Had a few people over for Chinese New Year dinner, so figured I should make a punch. Didn’t know if everyone would be drinking so left the booze out for people to add in their individual cups.

It had to be red and gold, thus the pomegranate and orange wheel garnishes.

Chinese New Year Punch, 2012

Peel and Juice 4 Lemons
1 Cup Sugar
16 oz Pomegranate Juice
2 Teaspoons Green Tea
4 Whole Cloves
4 Green Cardamom Pods, crushed
1 Cup Water
1 Bottle Knudsen Sparkling Pomegranate, Chilled
Oranges, sliced for garnish
Ice
Freshly grated nutmeg

Macerate the Lemon Peels in the Sugar until they release their oils.

Boil water and combine with tea and spices. Steep for 6 Minutes.

Strain hot spiced tea into sugar and peel mixture. Stir to dissolve sugar. Combine strained lemon juice with spiced tea syrup and chill your “Shrub”.

Pour Shrub into punch bowl, add Pomegranate Juice. When guests arrive add ice and Sparkling Pomegranate. Garnish with orange wheels. Serve in small cups and dust with freshly grated nutmeg. Add booze to taste, if desired.

Life in the Service Industry

“Is this someone influenced by the Red Hot Chili Peppers or someone who influenced them?”

It’s Funkadelic, the title song from their album “Cosmic Slop”, so I’m going to go with “Influencer”.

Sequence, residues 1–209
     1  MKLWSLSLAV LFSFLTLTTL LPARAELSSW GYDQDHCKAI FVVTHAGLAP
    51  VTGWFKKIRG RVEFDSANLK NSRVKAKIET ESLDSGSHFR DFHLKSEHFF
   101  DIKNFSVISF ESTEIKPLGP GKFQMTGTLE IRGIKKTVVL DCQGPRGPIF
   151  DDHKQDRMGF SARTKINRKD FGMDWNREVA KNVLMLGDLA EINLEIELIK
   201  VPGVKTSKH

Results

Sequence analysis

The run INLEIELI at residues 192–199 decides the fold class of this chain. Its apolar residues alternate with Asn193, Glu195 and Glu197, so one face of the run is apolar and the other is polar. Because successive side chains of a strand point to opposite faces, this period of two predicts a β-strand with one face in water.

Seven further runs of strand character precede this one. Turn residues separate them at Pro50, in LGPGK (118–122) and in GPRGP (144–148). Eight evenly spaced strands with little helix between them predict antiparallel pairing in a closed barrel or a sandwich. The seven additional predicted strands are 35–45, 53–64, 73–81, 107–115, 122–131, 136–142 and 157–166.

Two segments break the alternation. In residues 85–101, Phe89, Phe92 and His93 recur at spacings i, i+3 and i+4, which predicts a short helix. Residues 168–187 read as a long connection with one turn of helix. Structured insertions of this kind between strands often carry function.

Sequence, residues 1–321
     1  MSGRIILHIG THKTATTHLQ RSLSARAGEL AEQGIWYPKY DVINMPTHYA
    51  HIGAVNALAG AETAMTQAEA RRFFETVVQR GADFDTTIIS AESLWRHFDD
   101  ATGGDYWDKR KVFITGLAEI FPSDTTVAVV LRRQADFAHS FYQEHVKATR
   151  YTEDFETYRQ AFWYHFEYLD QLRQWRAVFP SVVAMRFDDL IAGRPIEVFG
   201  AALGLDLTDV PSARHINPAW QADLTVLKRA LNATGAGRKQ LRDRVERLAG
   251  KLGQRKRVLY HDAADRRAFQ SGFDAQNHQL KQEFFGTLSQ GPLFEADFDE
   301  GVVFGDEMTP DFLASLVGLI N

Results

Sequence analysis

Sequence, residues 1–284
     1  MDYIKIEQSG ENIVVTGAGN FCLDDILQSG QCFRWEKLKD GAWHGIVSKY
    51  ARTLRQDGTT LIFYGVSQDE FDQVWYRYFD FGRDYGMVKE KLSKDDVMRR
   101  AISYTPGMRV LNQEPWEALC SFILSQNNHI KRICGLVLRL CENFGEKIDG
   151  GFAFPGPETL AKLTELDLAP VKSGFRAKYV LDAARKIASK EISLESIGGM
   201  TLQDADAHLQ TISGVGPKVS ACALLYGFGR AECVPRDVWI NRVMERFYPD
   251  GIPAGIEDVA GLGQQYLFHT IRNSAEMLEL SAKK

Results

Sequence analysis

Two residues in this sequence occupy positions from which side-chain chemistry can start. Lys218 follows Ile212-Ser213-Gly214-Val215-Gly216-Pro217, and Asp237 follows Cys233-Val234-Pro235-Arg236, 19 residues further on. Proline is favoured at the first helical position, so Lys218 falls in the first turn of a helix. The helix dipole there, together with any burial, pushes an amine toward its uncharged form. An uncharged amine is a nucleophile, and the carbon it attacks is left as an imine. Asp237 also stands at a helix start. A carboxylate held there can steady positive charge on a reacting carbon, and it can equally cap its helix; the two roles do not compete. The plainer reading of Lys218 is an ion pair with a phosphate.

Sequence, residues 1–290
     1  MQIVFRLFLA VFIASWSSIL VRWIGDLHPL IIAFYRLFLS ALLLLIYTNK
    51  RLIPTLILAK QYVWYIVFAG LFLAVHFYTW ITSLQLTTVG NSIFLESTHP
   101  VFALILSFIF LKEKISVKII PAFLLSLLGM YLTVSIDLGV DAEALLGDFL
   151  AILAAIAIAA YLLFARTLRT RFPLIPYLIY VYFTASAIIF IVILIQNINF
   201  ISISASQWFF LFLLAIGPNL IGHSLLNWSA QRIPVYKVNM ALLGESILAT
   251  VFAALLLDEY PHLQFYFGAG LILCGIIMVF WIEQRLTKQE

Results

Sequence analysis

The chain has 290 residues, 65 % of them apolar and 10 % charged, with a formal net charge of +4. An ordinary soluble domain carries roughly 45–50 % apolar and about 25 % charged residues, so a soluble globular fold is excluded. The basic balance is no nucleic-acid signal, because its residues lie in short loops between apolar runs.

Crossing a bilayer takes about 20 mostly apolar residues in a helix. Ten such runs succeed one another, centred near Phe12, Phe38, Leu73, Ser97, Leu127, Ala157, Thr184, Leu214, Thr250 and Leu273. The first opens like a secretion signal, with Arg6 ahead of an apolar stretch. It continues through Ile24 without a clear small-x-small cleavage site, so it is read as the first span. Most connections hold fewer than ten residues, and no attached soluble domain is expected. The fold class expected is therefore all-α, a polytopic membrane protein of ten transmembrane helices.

—-

“I want to get a Corgi and name it ‘Stein’.”

“Stein”? Why Stein, some German thing?

“There’s this Anime, “Cowboy Bebop”, which has a Corgi named ‘Ein’ in it, named after Albert Einstein. Then I want to name my child ‘Albert’. Do you think that is too weird?”

Well, weird names are kind of in these days… “Cowboy Bebop” was a great series. Movie was a little disappointing, but you know.

“Yeah, if you hadn’t had enough by the time you got the movie, it wouldn’t have been perfect.”

Unnamed Brooklyn Variation (That Other Thing)

2 oz Rye Whiskey
3/4 oz Dry Vermouth
1/2 oz Cardamaro
1 generous teaspoon Luxardo Maraschino Liqueur

Stir with ice and strain into a cocktail glass. Garnish with grapefruit twist.

Pork Tenderloin Stuffed with Mushrooms and Pecans

Tasty enough that I am writing this down, so I don’t forget.

Pork Tenderloin Stuffed with Mushrooms and Pecans

2 Whole Pork Tenderloins
Tree Oyster Mushrooms
1 large Shallot, Chopped
Thyme
Sage
Breadcrumbs
Pecans, chopped
Butter
Dry Vermouth or White Wine
Chicken Stock
Salt and Pepper

METHOD:

Pre-heat oven to 400.

Clean Oyster Mushrooms. Saute in Butter until lightly browned. Add Shallots to pan and continue sauteing until cooked. Deglaze pan with White Wine and stir in breadcrumbs, sage, thyme, and pecans. If necessary, moisten with chicken stock and additional butter. Check seasonings and adjust salt and pepper to taste. Cool stuffing mixture.

Make a Slit in the underside of each pork tenderloin and fill with Stuffing mixture. With the large ends opposite from each other, use twine to tie tenderloins together, stuffing sides together (see picture, below).

Roast in oven until temperature reaches your desired level of doneness.

Slice and serve with oven roasted potatoes, a vegetable side, and a nice wine.

Pork Tenderloin Stuffed with Mushrooms and Pecans